My “One Line a Day” journal. (Chandler Lasch / Col­legian)

When I flip through the journal I started a year-and-a-half ago, I like looking for details that I wanted to remember at the time I was writing: the honey lavender latte I had on my first trip to Rough Draft, the beau­tiful sunset on July 19, the colors of the roses my boyfriend sent me on my 22nd birthday (pink, red, yellow, and white). These are pecu­liar­ities I would have oth­erwise for­gotten that give indi­vidual sig­nif­i­cance to every day.

I write in my journal almost every night, and when I skip a day, I always go back and write about it soon afterward. It’s a habit that my mom/homeschool teacher used to require I follow (though I got increas­ingly incon­sistent as I got older), and one that I had to redis­cover for myself while in college. Daily jour­naling can benefit anyone, and it’s a habit you’ll never regret.

My “One Line a Day” journal is orga­nized with room for five years’ worth of short entries on a single page. One day, I’ll be able to see what I wrote on, say, Feb­ruary 22, 2017, ‘18, ‘19, ‘20, and ‘21 all at once. Some­times, that means reflecting back on yes­teryear with a pang of joy or sorrow. Some­times both. I’ve noticed that the same stresses tend to surface around the same time every year, but then, so do the same happy tra­di­tions.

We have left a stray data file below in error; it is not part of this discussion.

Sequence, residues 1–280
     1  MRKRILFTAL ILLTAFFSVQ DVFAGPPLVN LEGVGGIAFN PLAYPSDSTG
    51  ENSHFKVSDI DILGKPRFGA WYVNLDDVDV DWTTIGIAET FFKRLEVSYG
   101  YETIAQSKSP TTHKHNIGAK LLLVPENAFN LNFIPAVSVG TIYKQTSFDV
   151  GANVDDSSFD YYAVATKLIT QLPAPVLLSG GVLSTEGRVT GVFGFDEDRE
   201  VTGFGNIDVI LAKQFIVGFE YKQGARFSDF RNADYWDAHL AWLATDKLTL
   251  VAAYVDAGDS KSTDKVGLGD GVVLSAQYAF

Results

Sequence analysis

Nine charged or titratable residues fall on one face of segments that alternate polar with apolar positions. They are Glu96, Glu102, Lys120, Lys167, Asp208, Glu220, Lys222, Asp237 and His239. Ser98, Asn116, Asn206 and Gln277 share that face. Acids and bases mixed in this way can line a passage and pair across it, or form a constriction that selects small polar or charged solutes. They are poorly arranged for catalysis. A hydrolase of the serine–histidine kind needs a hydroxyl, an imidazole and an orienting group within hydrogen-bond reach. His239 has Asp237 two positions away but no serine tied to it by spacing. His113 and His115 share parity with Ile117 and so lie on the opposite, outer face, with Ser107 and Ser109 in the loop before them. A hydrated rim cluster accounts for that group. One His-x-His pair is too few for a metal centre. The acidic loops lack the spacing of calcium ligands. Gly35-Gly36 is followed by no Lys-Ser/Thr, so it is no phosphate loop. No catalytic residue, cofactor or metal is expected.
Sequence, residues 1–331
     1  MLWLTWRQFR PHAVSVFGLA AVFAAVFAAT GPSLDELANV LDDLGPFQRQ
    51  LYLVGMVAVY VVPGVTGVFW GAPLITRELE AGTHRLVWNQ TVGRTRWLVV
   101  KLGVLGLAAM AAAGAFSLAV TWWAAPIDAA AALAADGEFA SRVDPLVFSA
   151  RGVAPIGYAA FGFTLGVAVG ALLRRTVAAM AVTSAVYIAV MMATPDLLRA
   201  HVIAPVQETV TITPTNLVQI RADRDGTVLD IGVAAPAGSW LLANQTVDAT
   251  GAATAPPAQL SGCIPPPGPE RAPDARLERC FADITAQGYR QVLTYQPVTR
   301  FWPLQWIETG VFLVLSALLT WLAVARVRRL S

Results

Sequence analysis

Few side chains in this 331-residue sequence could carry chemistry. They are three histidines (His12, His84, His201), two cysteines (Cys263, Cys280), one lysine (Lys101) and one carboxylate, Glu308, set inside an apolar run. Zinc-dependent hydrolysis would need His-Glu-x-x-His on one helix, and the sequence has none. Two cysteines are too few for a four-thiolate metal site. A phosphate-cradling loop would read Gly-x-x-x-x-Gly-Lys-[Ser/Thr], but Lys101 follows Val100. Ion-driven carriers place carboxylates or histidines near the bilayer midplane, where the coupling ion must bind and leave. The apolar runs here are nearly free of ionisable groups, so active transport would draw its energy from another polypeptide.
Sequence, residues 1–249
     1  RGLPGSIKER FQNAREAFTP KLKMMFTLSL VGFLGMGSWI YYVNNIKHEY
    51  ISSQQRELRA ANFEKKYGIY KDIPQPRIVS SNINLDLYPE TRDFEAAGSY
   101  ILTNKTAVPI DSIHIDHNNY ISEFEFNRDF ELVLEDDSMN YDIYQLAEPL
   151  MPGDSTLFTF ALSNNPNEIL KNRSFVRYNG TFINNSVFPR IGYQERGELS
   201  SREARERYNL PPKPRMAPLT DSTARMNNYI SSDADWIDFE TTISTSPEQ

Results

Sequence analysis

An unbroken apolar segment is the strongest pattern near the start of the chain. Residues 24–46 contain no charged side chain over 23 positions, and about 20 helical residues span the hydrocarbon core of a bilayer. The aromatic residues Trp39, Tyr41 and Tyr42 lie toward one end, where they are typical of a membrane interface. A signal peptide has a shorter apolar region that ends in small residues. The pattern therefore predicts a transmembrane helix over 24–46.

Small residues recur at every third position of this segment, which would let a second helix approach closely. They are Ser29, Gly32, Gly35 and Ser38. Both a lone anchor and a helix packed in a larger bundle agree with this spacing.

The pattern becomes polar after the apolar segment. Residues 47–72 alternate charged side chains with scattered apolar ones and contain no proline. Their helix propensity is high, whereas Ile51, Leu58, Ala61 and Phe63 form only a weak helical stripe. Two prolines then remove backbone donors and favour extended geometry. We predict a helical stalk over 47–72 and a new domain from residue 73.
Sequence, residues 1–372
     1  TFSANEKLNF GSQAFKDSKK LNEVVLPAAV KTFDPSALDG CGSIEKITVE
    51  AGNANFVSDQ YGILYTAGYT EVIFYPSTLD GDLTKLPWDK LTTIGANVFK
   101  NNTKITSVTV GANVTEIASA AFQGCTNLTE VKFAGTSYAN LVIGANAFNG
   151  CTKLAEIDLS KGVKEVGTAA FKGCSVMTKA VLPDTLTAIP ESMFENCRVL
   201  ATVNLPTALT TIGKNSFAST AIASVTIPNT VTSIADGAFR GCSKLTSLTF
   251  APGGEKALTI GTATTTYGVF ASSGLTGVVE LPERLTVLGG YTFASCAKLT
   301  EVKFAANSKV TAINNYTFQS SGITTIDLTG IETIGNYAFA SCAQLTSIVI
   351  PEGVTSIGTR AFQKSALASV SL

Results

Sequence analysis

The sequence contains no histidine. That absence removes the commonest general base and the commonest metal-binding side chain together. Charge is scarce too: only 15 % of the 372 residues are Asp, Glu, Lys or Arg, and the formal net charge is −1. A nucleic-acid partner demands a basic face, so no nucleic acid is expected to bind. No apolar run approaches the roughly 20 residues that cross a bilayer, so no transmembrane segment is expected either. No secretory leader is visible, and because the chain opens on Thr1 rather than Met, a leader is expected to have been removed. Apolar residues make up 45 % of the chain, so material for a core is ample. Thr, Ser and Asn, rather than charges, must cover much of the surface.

When I gave another copy of this journal to a friend, she remarked that it was odd to think about where she would be four years in the future. Her boyfriend nudged her shoulder and asked, “Married?” That remains to be seen, but she’s right. It is odd, and it’s bit­ter­sweet to ponder. I have no idea where I’ll be when I write that last entry on August 30, 2021, but at least I’ll have five years of mem­ories in my hand.

I like having easy access to these mem­ories, but I also appre­ciate the catharsis that comes with writing down my thoughts. Some­times writing about some­thing that seems all-con­suming can lessen its weight in my mind. Espe­cially when I con­dense my entries to a para­graph, I find that sim­pli­fying and artic­u­lating my thoughts can help me determine what I can do to be better. It’s clearer to see that, for instance, a lack of sleep makes me feel over­whelmed, and times with friends and live music help me relax.

Even jour­naling for a couple minutes a day can help you remember and reflect on the things that matter the most to you. It’s an easy habit to start, and if you ded­icate yourself to it, I think you’ll find it a com­forting addition to your daily routine.